For investors who won’t stomach the risk of altering portfolio allocations, there are other methods to become more defensively positioned, some of which we use in our process as well. Sector rotation is another method that investors can utilize to alter the volatility in their portfolios. When U.S. equity markets are hitting a rough patch, investors have a tendency to rotate more money to defensive sectors such as Staples (XLP), Healthcare (XLV), Utilities (XLU), and Telecom Services (XTL). This makes sense since these sectors usually have lower inherent levels of volatility, higher dividend yields, and less cyclical earning streams. Of course, not every cycle is the same and investors need to be aware of nuances that might make sectors more or less attractive than the typical playbook. For instance, in the current cycle, we are underweighting both Telecom and Healthcare holdings. Telecom companies have arguably become more discretionary in nature, and Health care has enjoyed a big run up during the bull market, boasts a high concentration in volatile and expensive biotech companies, and generates a very high percentage of revenues and profits overseas. That leaves Utilities and Staples to be our preferred domestic defensive plays at this time.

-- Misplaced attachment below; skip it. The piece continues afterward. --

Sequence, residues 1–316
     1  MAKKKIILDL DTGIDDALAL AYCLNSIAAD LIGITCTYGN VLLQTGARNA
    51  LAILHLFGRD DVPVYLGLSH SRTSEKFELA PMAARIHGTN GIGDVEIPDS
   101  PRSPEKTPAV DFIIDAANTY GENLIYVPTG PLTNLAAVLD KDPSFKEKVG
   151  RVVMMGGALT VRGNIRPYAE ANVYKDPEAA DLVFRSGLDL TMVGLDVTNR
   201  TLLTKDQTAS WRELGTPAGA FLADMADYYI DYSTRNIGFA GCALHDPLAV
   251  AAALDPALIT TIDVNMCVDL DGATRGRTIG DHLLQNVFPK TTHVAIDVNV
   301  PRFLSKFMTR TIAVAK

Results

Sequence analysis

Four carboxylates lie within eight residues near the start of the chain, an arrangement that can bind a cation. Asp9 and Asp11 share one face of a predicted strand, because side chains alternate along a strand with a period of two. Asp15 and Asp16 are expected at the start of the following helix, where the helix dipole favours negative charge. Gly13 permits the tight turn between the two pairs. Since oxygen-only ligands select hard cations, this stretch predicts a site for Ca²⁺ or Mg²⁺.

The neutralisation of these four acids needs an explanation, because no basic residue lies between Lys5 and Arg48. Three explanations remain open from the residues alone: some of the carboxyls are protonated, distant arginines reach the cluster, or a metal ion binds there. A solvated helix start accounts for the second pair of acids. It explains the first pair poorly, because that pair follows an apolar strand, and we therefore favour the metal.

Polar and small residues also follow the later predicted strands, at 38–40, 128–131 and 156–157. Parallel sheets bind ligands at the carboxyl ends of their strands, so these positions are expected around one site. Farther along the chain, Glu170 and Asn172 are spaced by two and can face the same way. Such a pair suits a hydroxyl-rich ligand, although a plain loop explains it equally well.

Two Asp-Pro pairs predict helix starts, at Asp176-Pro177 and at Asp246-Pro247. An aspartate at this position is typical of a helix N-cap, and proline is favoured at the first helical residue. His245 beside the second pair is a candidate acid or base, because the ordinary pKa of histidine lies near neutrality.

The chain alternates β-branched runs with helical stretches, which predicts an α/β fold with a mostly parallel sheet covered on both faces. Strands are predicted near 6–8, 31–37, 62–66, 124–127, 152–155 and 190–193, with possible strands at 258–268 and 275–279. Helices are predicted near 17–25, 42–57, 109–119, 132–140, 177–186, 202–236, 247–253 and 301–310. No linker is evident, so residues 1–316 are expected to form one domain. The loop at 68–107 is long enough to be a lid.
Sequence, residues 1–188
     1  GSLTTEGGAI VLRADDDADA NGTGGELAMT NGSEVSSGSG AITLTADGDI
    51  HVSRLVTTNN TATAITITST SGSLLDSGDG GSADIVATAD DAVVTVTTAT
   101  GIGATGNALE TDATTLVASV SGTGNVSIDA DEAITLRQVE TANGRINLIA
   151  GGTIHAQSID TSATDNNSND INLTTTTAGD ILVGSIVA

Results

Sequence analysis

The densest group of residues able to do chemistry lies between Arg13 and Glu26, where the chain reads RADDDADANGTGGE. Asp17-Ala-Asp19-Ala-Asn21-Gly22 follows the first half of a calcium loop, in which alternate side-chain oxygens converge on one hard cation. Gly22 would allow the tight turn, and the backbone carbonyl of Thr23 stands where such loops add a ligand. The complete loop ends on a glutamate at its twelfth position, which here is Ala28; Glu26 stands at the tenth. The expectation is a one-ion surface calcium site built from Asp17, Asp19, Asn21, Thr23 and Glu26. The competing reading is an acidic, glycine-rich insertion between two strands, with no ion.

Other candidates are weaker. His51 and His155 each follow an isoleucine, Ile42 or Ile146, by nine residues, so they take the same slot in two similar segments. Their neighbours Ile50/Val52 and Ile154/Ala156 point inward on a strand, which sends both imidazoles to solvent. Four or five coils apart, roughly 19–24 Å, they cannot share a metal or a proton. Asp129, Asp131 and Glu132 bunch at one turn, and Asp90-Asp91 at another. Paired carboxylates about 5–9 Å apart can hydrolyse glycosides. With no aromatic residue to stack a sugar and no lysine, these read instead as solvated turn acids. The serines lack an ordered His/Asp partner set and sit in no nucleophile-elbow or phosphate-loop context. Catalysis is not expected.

When sector rotating, don’t forget fixed income, as rotating between fixed income sectors can have a major impact on portfolios returns. In the pre-Quantitative Easing world, our cautious stance would call for a large percentage of high quality treasury bonds that typically do well during bouts of volatility. We currently own a healthy percentage of long duration treasuries (TLO/TLT) to defend against the deflationary tendencies in the global backdrop, but we also have been careful to keep cash-like holdings at elevated levels due to the extreme low yield environment and the recent start of a fed hiking cycle. Cash holdings are liquid stability, and for those willing to stomach a very small amount of volatility, ultra-short bond ETFs (ULST) might also make sense. We realize that High Yield Bonds (JNK) are climbing in yield and have arguably discounted more bad news than their equity counterparts, but we are still leery to buy vanilla high yield indices just yet due to their high concentration in the energy patch, and a feeling that the recent widening in spreads may be signaling that things are about to get worse in the global economy.
Today’s investing climate is as challenging as ever, and demands that investors be willing to change with conditions on the ground. Combining asset allocation with ETF sector rotation strategies is our preferred method to navigate through this difficult market environment.